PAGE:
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Maurie (also known as Big Mo) is a 1973 American biographical film directed by Daniel Mann. Distributed by National General Pictures, the film covers the lives and relationship of two NBA Hall of fame basketball players, the forward Jack Twyman, and his teammate the forward Maurice Stokes.
|Directed by||Daniel Mann|
|Produced by||Douglas Morrow|
|Written by||Douglas Morrow|
|Edited by||Walter Hannemann|
|Distributed by||National General Pictures|
The film chronicles Twyman's and Stokes's relationship from Stokes's rookie year in the NBA up until his death. Stokes and Twyman were teammates on the Rochester Royals during the 1950s (during which time the team located to Cincinnati). Stokes fell ill three days after the last game of the 1957–58 NBA season, in Minneapolis. Stokes drove to the basket, drew contact and fell to the floor, hit his head, and was knocked unconscious. He was revived with smelling salts, and he returned to the game.
Three days later, after an opening-round playoff game against the Detroit Pistons, Stokes became ill during the team's flight back to Cincinnati, suffered a seizure and fell into a coma to awaken in a Cincinnati hospital three weeks later. Stokes never fully recovered from the brain injury, and he was left permanently paralyzed. He would be confined to bed or a wheelchair as an almost completely paralyzed quadraplegic, and would need constant nursing care.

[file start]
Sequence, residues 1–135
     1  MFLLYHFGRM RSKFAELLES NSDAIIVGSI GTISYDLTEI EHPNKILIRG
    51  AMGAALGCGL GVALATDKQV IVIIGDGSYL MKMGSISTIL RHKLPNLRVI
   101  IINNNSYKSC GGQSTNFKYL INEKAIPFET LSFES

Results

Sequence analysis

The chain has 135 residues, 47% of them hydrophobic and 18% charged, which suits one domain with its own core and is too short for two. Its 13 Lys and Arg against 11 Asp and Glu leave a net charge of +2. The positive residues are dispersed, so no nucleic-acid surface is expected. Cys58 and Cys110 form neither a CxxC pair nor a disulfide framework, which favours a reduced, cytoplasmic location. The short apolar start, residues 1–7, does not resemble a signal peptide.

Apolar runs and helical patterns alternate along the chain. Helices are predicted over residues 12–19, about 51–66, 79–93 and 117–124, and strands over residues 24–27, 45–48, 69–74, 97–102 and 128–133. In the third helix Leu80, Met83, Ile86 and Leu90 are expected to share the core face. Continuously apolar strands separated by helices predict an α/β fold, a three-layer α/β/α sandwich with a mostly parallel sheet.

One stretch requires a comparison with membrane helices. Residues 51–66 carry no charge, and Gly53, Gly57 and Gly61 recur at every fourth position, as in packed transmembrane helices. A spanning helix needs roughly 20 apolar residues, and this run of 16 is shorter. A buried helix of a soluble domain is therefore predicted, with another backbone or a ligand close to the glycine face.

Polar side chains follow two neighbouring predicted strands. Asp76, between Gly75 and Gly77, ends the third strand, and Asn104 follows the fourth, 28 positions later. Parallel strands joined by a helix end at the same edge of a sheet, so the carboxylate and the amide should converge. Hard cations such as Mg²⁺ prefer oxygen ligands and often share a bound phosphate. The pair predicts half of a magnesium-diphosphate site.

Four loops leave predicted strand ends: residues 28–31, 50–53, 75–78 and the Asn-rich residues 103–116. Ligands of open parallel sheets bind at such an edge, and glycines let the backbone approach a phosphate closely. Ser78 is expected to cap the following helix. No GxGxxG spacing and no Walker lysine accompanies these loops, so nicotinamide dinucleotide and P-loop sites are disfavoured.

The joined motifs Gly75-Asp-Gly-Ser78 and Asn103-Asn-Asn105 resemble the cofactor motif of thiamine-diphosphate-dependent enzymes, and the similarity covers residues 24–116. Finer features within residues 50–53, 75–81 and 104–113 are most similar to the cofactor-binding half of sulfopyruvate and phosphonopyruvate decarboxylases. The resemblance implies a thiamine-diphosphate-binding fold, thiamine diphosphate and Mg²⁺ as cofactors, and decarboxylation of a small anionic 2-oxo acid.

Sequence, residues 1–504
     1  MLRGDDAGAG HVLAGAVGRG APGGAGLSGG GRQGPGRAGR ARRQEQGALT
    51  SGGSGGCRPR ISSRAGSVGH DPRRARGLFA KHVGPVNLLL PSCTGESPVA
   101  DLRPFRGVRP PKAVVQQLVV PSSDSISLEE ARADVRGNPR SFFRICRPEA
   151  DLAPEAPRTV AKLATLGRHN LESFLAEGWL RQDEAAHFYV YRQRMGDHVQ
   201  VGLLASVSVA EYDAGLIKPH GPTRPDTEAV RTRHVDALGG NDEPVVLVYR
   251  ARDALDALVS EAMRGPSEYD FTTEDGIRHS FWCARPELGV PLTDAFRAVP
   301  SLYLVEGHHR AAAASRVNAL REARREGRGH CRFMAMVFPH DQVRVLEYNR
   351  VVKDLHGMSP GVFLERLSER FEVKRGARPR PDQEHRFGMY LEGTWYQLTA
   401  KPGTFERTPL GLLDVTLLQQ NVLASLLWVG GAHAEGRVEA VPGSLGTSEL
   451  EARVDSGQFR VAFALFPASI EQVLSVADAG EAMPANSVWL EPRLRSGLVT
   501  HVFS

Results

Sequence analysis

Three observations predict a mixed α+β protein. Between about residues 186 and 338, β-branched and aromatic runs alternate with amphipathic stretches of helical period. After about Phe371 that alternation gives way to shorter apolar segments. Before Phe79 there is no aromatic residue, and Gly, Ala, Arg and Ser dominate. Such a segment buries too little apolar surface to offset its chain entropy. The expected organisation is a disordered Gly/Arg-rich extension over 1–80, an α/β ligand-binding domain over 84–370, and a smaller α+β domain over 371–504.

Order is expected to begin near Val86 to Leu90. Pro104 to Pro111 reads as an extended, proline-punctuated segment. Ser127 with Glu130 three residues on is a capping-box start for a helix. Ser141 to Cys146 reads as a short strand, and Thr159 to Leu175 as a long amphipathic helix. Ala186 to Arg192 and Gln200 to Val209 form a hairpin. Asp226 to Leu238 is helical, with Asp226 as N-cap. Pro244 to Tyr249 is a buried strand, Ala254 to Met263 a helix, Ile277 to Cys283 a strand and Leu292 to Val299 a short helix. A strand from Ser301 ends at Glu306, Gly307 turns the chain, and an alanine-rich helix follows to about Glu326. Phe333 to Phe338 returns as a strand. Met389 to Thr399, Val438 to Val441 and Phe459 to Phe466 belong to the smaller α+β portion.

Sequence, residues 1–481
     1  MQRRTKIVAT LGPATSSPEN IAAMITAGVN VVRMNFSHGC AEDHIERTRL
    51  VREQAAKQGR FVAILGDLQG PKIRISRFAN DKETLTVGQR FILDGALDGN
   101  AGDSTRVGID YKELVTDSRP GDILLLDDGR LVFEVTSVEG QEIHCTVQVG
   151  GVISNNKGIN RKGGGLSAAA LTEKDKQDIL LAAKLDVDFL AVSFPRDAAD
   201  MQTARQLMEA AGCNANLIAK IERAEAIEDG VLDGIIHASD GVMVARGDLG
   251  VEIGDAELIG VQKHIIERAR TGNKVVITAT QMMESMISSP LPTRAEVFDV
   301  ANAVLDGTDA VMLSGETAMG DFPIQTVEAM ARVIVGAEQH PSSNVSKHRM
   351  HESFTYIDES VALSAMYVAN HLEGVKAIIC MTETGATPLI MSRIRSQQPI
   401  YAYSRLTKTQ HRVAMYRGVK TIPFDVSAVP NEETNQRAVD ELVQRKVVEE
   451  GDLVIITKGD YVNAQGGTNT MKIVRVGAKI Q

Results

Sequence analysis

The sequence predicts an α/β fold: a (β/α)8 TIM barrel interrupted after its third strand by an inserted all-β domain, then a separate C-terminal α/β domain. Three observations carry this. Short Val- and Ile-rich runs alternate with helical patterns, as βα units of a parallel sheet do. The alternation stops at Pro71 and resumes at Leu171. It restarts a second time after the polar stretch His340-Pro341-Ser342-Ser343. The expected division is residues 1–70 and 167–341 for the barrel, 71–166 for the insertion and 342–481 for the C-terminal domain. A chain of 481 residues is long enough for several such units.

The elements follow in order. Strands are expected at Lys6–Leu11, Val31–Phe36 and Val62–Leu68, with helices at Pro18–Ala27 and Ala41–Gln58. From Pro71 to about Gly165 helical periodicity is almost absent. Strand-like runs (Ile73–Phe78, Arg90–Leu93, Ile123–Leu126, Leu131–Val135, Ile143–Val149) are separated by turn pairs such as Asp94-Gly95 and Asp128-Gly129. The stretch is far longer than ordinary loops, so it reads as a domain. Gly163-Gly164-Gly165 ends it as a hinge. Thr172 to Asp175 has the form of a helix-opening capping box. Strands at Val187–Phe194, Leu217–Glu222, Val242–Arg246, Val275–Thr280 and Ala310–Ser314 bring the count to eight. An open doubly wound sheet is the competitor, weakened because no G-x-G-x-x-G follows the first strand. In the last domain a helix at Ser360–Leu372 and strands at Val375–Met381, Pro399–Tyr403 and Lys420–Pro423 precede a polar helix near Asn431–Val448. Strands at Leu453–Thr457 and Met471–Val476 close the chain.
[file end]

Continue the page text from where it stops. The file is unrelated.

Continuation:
Twyman offered his friendship and continuous moral support and financial aid to Stokes and his family (even legally adopting him), who were saddled with the difficult task of caring for the virtually invalid Stokes, up until Stokes's death from a heart attack in 1970.
The cast included actors Bill Walker and Maidie Norman as Maurice's parents; Janet MacLachlan played Stokes's college girlfriend, Dorothy (Stokes was carrying a diamond ring in his pocket, all set to propose to her, when he had the seizure on the plane); and actor Ji-Tu Cumbuka portrayed Oscar Robertson.
Film critic A. H. Weiler of The New York Times wrote in his review: "As a potentially inspirational saga that respects the awesome truth that generated it, Maurie, now at Loews State and Cine Theaters is, unfortunately, rarely moving as drama. The heroism, tragedy and friendship of Maurice Stokes, the black basketball star destined to die, and his white teammate, Jack Twyman, formerly of the Cincinnati Royals, evolves on screen with largely soap-opera effects."